As part of an ongoing review of off-street parking rules, Fairfax County is considering an overhaul of its parking requirements for new development.
Under the proposed tiered system, the number of parking spaces required for a particular development would vary depending on the density of the surrounding area.
Currently, developers must provide a certain amount of parking based on the type of use and how many people their building will serve. The same standards are applied throughout the county, though a special planned district for Tysons has its own rules.
The new system would leave standards for low-density areas largely unchanged, but it would impose a ceiling on the amount of parking allowed in medium-density areas and significantly limit parking in high-density, transit-oriented developments.
Those developments need less parking, because they are designed to be walkable and accessible by transit, so people can get to work, shop, and engage in other activities without having to get into a car, the county’s land-use and planning staff argues.
However, with Metro still reeling from last year’s train derailment and Fairfax County’s efforts to build more pedestrian and bicycle-friendly infrastructure a work in progress, transportation experts say signs point to people driving more frequently than they did before the pandemic as more workers return to offices.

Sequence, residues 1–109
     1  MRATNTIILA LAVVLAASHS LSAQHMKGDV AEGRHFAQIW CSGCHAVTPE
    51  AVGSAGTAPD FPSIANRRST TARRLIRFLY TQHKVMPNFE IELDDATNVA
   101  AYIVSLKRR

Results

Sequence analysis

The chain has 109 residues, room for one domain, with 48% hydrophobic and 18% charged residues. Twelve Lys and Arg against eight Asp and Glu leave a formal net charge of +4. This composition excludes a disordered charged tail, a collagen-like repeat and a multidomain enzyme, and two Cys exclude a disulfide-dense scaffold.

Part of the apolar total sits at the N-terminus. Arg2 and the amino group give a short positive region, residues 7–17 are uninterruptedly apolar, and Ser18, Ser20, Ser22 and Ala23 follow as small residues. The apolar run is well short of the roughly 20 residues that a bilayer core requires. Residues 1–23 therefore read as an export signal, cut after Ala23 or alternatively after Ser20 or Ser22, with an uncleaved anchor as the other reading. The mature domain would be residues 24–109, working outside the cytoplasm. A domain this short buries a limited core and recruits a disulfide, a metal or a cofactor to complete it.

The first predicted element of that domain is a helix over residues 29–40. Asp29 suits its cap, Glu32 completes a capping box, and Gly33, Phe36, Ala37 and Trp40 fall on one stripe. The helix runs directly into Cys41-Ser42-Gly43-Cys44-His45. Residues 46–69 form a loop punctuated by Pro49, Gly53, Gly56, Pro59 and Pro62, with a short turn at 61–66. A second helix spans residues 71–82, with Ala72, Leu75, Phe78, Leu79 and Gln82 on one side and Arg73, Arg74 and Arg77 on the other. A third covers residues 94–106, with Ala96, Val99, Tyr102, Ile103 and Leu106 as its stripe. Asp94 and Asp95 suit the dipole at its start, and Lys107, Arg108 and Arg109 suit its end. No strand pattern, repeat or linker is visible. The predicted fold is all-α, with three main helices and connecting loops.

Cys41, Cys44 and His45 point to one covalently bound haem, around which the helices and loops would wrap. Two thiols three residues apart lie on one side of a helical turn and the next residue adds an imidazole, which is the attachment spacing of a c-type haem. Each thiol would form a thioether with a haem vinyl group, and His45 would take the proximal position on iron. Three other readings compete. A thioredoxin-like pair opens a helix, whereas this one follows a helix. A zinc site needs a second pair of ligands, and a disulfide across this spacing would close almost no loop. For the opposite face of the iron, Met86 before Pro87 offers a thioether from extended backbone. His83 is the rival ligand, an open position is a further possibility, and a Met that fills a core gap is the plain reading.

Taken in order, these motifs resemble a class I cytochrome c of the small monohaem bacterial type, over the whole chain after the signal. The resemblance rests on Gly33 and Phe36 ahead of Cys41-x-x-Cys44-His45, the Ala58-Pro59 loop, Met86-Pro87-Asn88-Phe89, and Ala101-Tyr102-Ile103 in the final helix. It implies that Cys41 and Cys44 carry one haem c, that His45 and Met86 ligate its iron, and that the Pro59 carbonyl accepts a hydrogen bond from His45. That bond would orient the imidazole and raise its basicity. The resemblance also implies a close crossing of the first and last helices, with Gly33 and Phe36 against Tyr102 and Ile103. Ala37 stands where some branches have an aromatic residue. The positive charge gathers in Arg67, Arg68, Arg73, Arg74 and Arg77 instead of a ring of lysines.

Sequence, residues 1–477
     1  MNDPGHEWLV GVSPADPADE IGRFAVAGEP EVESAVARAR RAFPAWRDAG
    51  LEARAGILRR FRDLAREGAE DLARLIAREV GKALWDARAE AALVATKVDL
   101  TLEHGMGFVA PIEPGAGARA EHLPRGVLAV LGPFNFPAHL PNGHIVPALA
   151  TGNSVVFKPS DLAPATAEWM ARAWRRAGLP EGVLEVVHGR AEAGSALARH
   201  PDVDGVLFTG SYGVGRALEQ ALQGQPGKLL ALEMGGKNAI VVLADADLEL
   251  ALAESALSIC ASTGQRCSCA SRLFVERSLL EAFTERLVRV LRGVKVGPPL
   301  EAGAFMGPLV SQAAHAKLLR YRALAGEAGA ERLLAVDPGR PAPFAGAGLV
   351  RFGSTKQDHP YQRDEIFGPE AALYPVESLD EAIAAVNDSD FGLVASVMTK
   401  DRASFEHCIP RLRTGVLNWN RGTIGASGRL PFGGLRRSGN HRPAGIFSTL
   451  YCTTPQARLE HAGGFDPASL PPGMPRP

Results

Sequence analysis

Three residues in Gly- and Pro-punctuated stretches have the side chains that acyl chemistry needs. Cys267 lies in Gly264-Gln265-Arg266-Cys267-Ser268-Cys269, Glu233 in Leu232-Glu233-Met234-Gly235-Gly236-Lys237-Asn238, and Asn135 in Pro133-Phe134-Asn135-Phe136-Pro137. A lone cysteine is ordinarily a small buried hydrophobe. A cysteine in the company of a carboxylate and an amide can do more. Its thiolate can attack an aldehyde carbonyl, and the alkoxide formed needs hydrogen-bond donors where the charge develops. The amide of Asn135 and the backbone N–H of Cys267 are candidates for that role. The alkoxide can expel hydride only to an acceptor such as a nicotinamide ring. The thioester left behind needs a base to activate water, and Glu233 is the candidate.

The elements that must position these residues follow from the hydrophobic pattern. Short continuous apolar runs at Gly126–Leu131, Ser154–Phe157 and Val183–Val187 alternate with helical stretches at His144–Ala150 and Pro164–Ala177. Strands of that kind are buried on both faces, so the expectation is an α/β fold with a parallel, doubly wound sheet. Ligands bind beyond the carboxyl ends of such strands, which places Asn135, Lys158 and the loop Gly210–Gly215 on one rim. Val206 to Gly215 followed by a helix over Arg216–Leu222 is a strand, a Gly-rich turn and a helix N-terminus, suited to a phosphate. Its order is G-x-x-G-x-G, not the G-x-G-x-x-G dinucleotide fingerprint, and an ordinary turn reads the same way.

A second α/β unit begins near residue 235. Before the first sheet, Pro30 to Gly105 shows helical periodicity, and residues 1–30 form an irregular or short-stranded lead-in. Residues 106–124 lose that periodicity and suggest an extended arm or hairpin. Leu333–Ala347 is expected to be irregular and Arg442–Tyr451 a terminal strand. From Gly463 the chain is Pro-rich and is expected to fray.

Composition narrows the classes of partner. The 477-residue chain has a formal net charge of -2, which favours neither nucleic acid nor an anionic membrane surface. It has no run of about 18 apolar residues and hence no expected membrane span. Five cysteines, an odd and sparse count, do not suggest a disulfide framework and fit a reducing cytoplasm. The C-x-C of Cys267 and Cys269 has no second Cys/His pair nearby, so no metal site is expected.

According to The Washington Post, experts attribute the shift toward driving over mass transit to the rise in remote and hybrid work. Commuters might be more willing to drive now — and put up with increasing rush-hour congestion — when they only have to make that trip a couple of times a week.
Do you think having less parking in more developed, transit-oriented areas will help reduce Fairfax County’s reliance on cars, or will it just inconvenience people without producing the desired changes in behavior?
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VHC Health hosted its annual Trauma Survivors Day, honoring four former trauma patients and their care team on Tuesday, May 16. For many of these patient honorees, this event was the first time they were reunited with the team of healthcare professionals who cared for them after their injury. Both the healthcare team and the honorees expressed gratitude for the opportunity to thank, hug, and simply see one another again after their experience in the Trauma Center.
In May of 2021, the Commonwealth of Virginia designated VHC Health as a Level II Trauma Center. This designation filled a critical community need; previously, the closest trauma center for Arlington County was in Fairfax or Washington, DC. Since becoming a Level II Trauma Center, VHC Health has provided care for nearly 2,000 trauma patients each year.
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All proceeds will go toward Ukrainian funds “Mriya Charity” and “Dai Lapu Drug”, that help kids and animals affected by war.
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